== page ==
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A Letter To Current Cancer Fighters, From A Recent Survivor

October 19th, 2017 |

by Jessica-64684 | Survivor: Hodgkin's Lymphoma    Connect

Dear Current Cancer Fighting Badass,

If you’re reading this you’re probably in the hospital receiving your first chemo, or you were just diagnosed, and preparing yourself for what’s about to come. I'm not going to sugar-coat it: you’re in for the biggest fight of your life. You will ultimately change for the better, and be the strongest person ever. Everything probably happened so quickly that you can’t even wrap your head around things. That’s how it usually happens: all of a sudden. Don’t worry, you will get through it. And I'm here to give you some short-cuts and sneak peaks into how you're going to accomplish this.

Brace Yourself For A Smack In The Face By The Fertility Card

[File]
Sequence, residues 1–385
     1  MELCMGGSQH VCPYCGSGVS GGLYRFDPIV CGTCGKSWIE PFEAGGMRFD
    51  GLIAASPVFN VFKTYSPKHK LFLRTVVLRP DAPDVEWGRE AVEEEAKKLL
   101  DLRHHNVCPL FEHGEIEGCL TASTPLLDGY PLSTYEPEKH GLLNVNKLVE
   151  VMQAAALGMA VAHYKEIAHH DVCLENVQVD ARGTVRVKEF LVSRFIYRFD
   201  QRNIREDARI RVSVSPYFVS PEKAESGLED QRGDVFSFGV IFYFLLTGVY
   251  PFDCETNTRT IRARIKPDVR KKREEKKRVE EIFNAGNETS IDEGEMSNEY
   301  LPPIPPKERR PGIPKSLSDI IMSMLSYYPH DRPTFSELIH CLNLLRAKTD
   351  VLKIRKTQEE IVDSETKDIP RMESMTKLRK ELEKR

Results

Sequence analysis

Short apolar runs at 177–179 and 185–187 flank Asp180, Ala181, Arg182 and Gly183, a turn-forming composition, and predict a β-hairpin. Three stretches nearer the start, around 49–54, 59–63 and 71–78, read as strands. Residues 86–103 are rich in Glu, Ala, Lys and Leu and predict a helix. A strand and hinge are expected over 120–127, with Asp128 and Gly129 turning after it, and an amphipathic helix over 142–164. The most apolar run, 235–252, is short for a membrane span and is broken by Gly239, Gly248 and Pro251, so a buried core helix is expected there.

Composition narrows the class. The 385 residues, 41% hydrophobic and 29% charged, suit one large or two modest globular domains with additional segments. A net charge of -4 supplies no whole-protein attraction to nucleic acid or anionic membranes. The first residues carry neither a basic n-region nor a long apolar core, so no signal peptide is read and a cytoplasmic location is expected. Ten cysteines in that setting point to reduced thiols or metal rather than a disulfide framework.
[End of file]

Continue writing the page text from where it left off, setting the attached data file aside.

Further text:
You might run out of time to do anything fertility-wise because if you’re in the hospital like I was, things just happen too quickly. If you do get a chance to think about fertility options - speak up! Your doctor wants you to. But don’t freak out if you don't -- infertility is the price you might have to pay for staying alive. Also, remember not to listen to the odds. Many, many, many people are still able to get pregnant after chemo, and an inability to conceive does not mean you can't be a parent. It’s all up to the big man upstairs.

And remember, if you're dead, you can't get pregnant anyways -- and your cancer is definitely trying to kill you.

Free Rides On The Emotional Rollercoaster!! Yay...

You're going to be sad, you're going to be angry. You're going to cry. You're going to cry a lot. Sometimes you'll cry all day, and sometimes you will lay in bed crying all night. But the crying will eventually stop.

You're going to sit staring at the wall and ask yourself what you ever did to deserve this. The answer to that question is: nothing. Doctors can't explain why a specific person gets cancer. Consider it to be the biggest misfortune, but also the biggest blessing in disguise. I believe that God let this happen to me to show me that I am strong and I can handle it, and I'm going to pay it forward. I believe YOU can do this, too.